The Forbidden City in Beijing, from which the emperors ruled by heavenly mandate, was a site which a commoner or foreigner could not enter without any permission, on pain of death.

Let us substitute the following -C with ( or without) a full stop at the end
which no commoner or foreigner could enter without permission.

The Forbidden City in Beijing, from which the emperors ruled by heavenly mandate, was a site which no commoner or foreigner could enter without permission. on pain of death.

How would you account for " on pain of death" if you pick C.

Now check B -
.......a site which a commoner or foreigner could enter without any permission only on pain of death.

This takes care of the last part of the sentence without any awkward punctuation marks and makes perfect sense - they can enter without any permission - no problem - but only on pain of death.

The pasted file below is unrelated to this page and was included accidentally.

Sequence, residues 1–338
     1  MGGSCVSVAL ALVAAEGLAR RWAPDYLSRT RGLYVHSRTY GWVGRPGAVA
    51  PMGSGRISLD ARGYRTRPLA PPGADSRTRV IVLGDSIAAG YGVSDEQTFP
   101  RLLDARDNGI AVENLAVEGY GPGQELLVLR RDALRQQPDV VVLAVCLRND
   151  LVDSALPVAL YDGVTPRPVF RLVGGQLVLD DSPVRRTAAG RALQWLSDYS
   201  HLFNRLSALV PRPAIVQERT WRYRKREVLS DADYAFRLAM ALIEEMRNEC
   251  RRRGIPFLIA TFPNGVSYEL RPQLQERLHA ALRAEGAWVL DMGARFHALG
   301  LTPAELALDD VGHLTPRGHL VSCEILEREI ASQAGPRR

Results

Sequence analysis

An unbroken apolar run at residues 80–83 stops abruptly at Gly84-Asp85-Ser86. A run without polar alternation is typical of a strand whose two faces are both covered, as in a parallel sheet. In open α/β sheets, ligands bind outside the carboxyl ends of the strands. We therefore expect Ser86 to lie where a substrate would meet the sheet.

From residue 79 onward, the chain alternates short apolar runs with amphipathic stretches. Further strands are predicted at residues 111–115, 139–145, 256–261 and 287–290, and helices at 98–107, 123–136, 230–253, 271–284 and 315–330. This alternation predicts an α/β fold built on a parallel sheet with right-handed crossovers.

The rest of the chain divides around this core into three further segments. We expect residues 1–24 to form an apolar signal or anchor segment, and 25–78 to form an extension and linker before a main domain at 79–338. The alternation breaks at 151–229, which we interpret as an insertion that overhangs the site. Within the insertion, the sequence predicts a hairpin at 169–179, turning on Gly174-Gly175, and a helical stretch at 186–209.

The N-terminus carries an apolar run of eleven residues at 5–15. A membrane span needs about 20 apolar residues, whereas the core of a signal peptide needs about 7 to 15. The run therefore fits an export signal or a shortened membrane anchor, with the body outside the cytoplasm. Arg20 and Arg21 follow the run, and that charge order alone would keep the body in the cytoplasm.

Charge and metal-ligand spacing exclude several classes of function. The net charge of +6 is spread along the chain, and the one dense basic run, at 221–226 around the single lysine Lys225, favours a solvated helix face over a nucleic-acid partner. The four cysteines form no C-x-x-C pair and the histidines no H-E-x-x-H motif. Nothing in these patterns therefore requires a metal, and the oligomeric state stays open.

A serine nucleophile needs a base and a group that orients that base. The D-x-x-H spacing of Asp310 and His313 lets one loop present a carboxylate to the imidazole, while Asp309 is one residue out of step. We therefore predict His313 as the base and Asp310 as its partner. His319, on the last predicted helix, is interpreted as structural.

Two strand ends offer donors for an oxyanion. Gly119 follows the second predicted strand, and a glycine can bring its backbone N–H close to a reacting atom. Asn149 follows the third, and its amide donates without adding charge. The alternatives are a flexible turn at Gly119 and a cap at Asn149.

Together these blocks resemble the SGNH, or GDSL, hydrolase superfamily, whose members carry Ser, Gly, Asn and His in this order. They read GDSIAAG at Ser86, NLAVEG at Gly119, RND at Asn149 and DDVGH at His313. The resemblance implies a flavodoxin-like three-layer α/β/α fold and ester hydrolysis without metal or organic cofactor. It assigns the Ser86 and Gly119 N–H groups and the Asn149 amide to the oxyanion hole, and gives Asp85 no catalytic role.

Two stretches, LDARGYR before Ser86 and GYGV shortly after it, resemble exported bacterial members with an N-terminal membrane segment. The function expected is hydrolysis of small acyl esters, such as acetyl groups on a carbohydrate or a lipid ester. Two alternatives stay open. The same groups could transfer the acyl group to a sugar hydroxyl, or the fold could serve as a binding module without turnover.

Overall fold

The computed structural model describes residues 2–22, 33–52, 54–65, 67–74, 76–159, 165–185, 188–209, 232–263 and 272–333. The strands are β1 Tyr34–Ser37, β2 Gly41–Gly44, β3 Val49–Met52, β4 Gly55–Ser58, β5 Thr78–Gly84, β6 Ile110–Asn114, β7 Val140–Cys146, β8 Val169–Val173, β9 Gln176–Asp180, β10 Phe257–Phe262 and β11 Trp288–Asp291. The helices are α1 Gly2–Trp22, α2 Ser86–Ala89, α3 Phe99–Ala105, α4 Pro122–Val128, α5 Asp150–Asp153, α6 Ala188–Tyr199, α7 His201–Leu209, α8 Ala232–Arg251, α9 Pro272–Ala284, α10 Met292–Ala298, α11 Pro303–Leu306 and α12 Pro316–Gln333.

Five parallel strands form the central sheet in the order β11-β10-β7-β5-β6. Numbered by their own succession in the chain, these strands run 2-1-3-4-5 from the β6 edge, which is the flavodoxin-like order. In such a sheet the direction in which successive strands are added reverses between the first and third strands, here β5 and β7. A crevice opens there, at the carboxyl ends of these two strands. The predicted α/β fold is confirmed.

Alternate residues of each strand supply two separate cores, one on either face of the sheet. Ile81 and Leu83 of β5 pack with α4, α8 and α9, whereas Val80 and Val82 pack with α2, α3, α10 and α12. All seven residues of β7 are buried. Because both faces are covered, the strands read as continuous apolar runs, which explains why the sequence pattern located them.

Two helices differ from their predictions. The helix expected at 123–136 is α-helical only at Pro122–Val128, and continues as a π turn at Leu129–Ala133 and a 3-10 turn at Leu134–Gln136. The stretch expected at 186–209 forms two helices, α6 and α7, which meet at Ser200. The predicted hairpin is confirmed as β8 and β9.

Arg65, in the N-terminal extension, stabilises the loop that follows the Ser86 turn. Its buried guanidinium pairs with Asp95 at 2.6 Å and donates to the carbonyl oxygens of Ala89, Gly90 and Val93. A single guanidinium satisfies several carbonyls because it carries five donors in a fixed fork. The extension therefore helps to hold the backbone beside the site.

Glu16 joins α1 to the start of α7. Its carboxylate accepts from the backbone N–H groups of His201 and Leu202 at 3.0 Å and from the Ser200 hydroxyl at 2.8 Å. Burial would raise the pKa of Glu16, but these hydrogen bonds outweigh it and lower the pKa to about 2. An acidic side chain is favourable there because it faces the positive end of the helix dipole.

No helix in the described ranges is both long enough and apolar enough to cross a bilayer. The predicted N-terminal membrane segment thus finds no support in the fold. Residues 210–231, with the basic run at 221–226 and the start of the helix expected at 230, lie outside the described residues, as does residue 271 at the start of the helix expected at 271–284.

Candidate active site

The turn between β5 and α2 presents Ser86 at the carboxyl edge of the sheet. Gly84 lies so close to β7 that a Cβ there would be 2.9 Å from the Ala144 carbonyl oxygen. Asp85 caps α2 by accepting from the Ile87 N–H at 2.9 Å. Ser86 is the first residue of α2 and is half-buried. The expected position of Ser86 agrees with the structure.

I'll pick B.

Let us check a different sentence
meaning : if you are told to do something on pain of death, you will be killed if you do not do it.
They had been told to leave their homes by noon on pain of death

A person can enter X without permission only on the pain of death => meaning is "a person can enter without permission only if he is willing to play with his life."

A person cannot enter X without permission, on pain of death => absurd meaning

It should be B. It only gives the correct meaning. The modifier in C "on the pain of death" is absurd according to the meaning.
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10 Jul 2007, 10:39
The forbidden city was a site a commoner/foreigner could enter (sure but read ahead) ONLY on pain of death.
How it can not be B?
10 Jul 2007, 10:39